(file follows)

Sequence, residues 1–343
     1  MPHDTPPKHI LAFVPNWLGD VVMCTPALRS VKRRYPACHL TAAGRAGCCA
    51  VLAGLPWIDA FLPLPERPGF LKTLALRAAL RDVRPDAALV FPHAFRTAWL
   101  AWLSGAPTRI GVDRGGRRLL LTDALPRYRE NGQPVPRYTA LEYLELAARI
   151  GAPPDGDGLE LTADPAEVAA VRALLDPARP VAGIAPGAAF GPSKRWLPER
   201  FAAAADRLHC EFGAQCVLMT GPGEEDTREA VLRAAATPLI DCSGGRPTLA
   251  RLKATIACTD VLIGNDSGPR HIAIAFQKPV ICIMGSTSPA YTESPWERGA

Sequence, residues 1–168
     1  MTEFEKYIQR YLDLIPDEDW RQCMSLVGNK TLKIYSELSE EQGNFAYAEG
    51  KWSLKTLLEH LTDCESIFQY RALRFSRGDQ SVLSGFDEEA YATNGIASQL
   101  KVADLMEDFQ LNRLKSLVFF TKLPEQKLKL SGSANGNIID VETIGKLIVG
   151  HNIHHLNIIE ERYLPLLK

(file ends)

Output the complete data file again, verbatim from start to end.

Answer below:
Sequence, residues 1–343
     1  MPHDTPPKHI LAFVPNWLGD VVMCTPALRS VKRRYPACHL TAAGRAGCCA
    51  VLAGLPWIDA FLPLPERPGF LKTLALRAAL RDVRPDAALV FPHAFRTAWL
   101  AWLSGAPTRI GVDRGGRRLL LTDALPRYRE NGQPVPRYTA LEYLELAARI
   151  GAPPDGDGLE LTADPAEVAA VRALLDPARP VAGIAPGAAF GPSKRWLPER
   201  FAAAADRLHC EFGAQCVLMT GPGEEDTREA VLRAAATPLI DCSGGRPTLA
   251  RLKATIACTD VLIGNDSGPR HIAIAFQKPV ICIMGSTSPA YTESPWERGA

Sequence, residues 1–168
     1  MTEFEKYIQR YLDLIPDEDW RQCMSLVGNK TLKIYSELSE EQGNFAYAEG
    51  KWSLKTLLEH LTDCESIFQY RALRFSRGDQ SVLSGFDEEA YATNGIASQL
   101  KVADLMEDFQ LNRLKSLVFF TKLPEQKLKL SGSANGNIID VETIGKLIVG
   151  HNIHHLNIIE ERYLPLLK